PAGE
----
What a leader for news story: “It’s still going to be legal in Arizona for trucks to have splash guards with racist terms and silhouettes of naked women.” It seems that an Arizona state lawmaker wanted to make the use of popular mudflaps like the one pictured here illegal, and the state House has rejected his proposal on the basis that Arizonans have the right to have whatever the hell mudflaps they want on their own vehicles.

Democrat Theresa Ulmer won’t be happy about that: “I personally am tired of explaining to my 11-year-old son why [women] are depicted on mudflaps, but not all women are 36Ds. He’s very confused by that,” she says. I would suggest that if you believe her on this point, you’re just gullible. She can hardly have a normal conversation with her son in the car these days, it seems, without encountering his tiring questions about the shape of the figure depicted on other peoples’ mudflaps. Her son is such a vacuous, halfwitted child, she would have us believe, that he gets confused about the image on a mudflap because it doesn’t match reality. Either he is so indoctrinated by his mother on feminist issues that the shape of mudflaps bother him on a regular basis, or she made up the whole story to advance her political agenda. I’m going with the latter.

If he’s so confused about it, perhaps Ulmer could start by explaining to her son that the reason the figure depicted on the mudflaps is a 36D is that women who have the kind of figure depicted on the mudflaps are regarded as beautiful by many men, and that the guy driving the truck enjoys looking at figures of women with large breasts. She could proceed from there by explaining that while beauty is in the eye of the beholder, the beauty of some women is in the eye of a vast majority of beholders. This helps to explain the popularity of the mudflaps. She might go on to discuss the lack of marketability in the concept of fat women on mudflaps, or the flat-chested. She could then conclude the explanation that has eluded her thus far by pointing out that people are entitled to choose the kinds of people they are attracted to, are entitled to choose the mudflaps they place on their vehicles and are therefore entitled to choose mudflaps featuring images of the kinds of people they are attracted to. Should there be any disagreement on this last point, she may want to utilise the option of taking a large, wet fish, slapping her son hard up the face with it and telling him to mind his own bloody business.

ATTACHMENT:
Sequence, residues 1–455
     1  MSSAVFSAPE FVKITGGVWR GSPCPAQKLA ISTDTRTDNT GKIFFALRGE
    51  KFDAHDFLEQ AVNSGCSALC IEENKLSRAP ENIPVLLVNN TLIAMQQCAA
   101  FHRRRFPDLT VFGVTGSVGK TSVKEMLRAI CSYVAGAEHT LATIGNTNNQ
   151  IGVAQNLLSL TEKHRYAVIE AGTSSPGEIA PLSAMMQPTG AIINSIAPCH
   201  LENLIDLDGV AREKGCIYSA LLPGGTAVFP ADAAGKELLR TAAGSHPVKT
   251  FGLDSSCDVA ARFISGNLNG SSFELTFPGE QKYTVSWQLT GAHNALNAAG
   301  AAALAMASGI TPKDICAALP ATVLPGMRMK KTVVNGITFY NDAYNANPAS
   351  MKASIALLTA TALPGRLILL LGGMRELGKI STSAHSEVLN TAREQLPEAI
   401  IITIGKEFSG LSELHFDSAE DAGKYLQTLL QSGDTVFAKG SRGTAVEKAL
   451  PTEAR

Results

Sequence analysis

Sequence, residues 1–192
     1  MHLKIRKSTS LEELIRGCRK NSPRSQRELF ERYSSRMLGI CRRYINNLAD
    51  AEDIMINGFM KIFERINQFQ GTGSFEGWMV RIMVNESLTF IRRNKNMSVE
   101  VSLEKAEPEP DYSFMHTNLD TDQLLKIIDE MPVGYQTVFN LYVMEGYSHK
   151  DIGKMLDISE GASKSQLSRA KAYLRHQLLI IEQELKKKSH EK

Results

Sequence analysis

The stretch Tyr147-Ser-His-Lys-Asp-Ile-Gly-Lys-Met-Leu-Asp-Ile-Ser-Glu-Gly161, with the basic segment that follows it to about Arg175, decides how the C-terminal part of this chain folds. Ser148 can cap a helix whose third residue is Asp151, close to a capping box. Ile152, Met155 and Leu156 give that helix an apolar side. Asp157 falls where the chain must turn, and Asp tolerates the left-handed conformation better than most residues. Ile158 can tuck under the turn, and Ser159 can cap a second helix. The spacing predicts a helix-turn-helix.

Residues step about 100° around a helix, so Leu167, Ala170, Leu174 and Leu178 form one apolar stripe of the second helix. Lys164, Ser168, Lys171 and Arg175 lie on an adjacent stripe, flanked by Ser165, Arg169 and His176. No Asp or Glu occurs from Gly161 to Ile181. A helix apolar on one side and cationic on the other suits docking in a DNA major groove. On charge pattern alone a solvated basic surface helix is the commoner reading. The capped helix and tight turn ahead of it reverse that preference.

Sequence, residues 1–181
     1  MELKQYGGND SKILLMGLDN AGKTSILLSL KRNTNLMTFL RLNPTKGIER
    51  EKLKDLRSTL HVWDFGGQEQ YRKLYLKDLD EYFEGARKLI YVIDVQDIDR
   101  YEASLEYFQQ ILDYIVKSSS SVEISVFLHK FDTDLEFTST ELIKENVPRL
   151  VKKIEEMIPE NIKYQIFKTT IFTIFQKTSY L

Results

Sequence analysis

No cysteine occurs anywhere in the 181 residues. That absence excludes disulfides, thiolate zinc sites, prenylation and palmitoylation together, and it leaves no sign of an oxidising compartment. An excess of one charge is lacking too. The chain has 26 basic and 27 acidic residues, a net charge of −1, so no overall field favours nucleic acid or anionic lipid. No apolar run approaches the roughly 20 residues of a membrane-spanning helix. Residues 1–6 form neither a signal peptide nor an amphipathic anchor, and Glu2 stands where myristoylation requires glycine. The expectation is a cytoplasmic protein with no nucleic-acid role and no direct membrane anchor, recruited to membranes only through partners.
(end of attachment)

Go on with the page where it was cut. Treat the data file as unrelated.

But she probably wouldn’t do that.

Why do post-feminist, liberal female politicians have such a hard time with the fact that a majority of men are attracted to women with these qualities? Many women who would object to something like this look like they’ve seen the hard end of an ugly stick, so I was surprised to find that Ulmer is a fairly nice looking lady. She’s also an Independent Beauty Consultant for Mary Kay Cosmetics! So the threat that women like her perceive from a culture that has a physical ‘ideal’ is very perplexing. I’m sure that finding a mate wasn’t a hard thing for her to achieve. So why all the hate? Why the fairy tales about conversations with her son on the topic of women’s breasts on mudflaps?

I believe that the kinds of people who want to ban mudflaps are the kinds of people who like to micromanage everything. If it’s so hard for Ulmer to see people being individuals with regard to their choice of mudflaps, it must be almost impossible for her to see women being popular for physical attributes, or women being less popular for the lack of them. Taking account of how a woman looks is not sexism, and neither is celebrating the resulting preference in a mudflap, regardless of how Ulmer wishes to spin it. This, in fact, highlights perhaps one of the greatest failures of feminism: to preserve a sense of perspective in equality which adequately acknowledges the role of individual partiality and the sovereignty of individual choice in such matters.

In fact nothing about this proposed law encompassed the ideals of liberty. It was a collective damnation of individual preference, followed by a collective condemnation of the expression of that preference, culminating in the collective prohibition of that expression. I’m happy to tell you that, of 14,000 votes so far on an NBC poll, 63 percent of them disagreed that splash guards with “images that are obscene or hateful” should be illegal. A testament, I think to the sense of freedom that most Americans desire from government in with regard to their personal choices.

Someone, please tell Theresa Ulmer’s son that neither his mother nor him have anything to fear from sexy mudflaps.

John Wright

UPDATE: February 21st, 2007
The following reply was received from Theresa Ulmer.

“Mr. Wright, First, you have no right to bring my son (an innocent person) into this debate. Place the target on me, as I am the one who made the comments. Second, the item you are referring to was a joke, as I followed with saying: seriously…. You obviously missed the point and took this whole issue out of context. There was no doubt the amendment would not pass. The point (due to other things taking place that week) needed to be made that not just one party has the coin on ‘family values’. That point was clearly made. Thank you and I hope in the future we can discuss important issues. Sincerely, Representative Theresa Ulmer.”